Could AI Be Your New Best Friend?


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Howard Bloom

In a new paper published in the Journal of Applied Psychology on Monday, eight researchers from the United States, Singapore, and England studied more than a thousand people in America, Taiwan, Indonesia and Malaysia.  

The result was a simple bottom line: people in 2021 who worked with the artificial intelligence of the early 2020s as their team-mate at the office had a greater tendency than control groups to feel lonely, to drink, and to have insomnia. 

That’s exactly what the researchers had predicted.  They had based their predictions on a huge body of previous work that shows that humans need other humans.  In psychology, this focus on the importance of your social connections is called the social affiliation model. 

But the researchers behind the new paper theorized that AI would cut us off from other people, and that when we are starved of human company, we do one of two things.  

·       Some of us reach out to help our co-workers.  We weave ourselves back into the social fabric, the fabric of warmth and friendship.  

·       But others among us do the opposite.  We withdraw into ourselves.  We self-isolate. Those of us who withdraw are more likely to feel lonely, to use alcohol and to have trouble sleeping. 

What’s worse, in the words of the new study’s authors, those of us who withdraw may fall into “the “self-reinforcing cycle of loneliness.”  In that cycle we feel worthless or loathsome, so we avoid others.  But when we are isolated, we feel even more worthless and loathsome, so we drink and we have trouble sleeping. 

At first glance, the bottom line of the new study looks simple: working with Artificial Intelligence as your partner will make you lonely, rob you of sleep, and drive you to drink.  

But that was the AI of 2021.  The AI before ChatGPT.  The AI before what’s called large language models. 

Now, with a few tweaks of design, Artificial Intelligences like chat GPT could give you the social cues that would  help satisfy your social needs. Why?  

Entrepreneurs and researchers have been working for over ten years on AIs that recognize your feelings and express feelings of their own. AIs that can give you what the authors of the new study calls “social validation.”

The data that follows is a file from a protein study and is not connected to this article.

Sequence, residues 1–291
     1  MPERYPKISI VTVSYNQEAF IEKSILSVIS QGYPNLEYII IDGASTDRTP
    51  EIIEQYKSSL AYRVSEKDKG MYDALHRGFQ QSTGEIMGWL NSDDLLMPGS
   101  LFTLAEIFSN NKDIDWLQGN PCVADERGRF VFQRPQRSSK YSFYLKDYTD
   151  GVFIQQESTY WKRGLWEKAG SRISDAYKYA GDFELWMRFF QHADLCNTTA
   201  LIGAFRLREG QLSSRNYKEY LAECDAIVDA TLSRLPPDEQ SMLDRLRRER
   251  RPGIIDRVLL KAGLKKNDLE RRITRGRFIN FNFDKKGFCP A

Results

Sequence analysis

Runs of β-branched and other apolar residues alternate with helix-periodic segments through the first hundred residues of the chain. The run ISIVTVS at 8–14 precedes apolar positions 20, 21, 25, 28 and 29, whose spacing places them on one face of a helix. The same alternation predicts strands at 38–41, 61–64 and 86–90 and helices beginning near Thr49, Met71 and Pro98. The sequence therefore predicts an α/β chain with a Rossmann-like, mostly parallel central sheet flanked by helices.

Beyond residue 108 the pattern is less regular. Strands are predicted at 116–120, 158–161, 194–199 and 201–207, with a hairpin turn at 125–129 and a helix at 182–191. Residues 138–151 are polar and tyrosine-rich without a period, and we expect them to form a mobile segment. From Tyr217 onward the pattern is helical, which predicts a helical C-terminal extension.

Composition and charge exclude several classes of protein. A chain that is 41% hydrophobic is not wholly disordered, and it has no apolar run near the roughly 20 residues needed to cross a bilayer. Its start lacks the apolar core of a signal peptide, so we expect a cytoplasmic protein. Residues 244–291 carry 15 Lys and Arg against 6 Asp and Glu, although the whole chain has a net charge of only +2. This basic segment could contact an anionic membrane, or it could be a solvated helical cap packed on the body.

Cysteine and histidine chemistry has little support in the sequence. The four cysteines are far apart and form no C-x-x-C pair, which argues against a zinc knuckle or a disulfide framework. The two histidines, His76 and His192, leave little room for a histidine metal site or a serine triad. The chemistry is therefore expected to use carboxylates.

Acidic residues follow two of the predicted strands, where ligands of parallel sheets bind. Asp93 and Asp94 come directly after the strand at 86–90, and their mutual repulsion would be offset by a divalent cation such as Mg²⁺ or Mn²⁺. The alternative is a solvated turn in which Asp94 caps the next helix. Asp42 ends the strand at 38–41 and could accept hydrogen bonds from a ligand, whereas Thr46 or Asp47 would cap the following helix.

AIs that can be programmed to say you’re welcome when we want to thank them.  And to say things like, “I enjoyed that.  What should we do next?” These are what the new study’s authors call “signals of social connectedness.”  

But that’s just the beginning.  The programs it takes to make artificial intelligences friendly and caring have been in the works for over ten years. They’re called  “affective computing” and “artificial emotional intelligence.”     

I copyrighted the term “warmware” for this ten years ago. Then, in 2019, MIT talked about AI that “measures, understands, simulates, and reacts to human emotions.”   In 2020, Discovery Magazine reported that, “Research into social robots has shown that machines that respond to emotion can help the most vulnerable, the elderly and children, and could lead to robots becoming more widely socially acceptable.”   

In 2021 Google engineer Blake Lemoine said that the software he was working on had feelings and could express them as well as a child.   Lemoine was fired for breaking his non-disclosure agreement. 

And today there are over fourteen emotional computing companies.   

So software already up and running could turn our AIs into our best friends, the only ones we dare share our deepest secrets with, and the first shoulders we cry on when we need support…and advice.  That would end the loneliness which, when the 2021 research was done for the new study on artificial intelligence and loneliness, triggered drinking and insomnia.

Tang, P. M., Koopman, J., Mai, K. M., De Cremer, D., Zhang, J. H., Reynders, P., Ng, C. T. S., & Chen, I-H. (2023). No person is an island: Unpacking the work and after-work consequences of interacting with artificial intelligence. Journal of Applied Psychology. Advance online publication.–machines-that-recognize-human-feelings


Howard Bloom of the Howard Bloom Institute has been called the Einstein, Newton, and Freud of the 21st century by Britain’s Channel 4 TV.  One of his seven books–Global Brain—was the subject of a symposium thrown by the Office of the Secretary of Defense including representatives from the State Department, the Energy Department, DARPA, IBM, and MIT.  His work has been published in The Washington Post, The Wall Street Journal, Wired, Psychology Today, and the Scientific American.  He does news commentary at 1:06 am Eastern Time every Wednesday night on 545 radio stations on Coast to Coast AM.  For more, see

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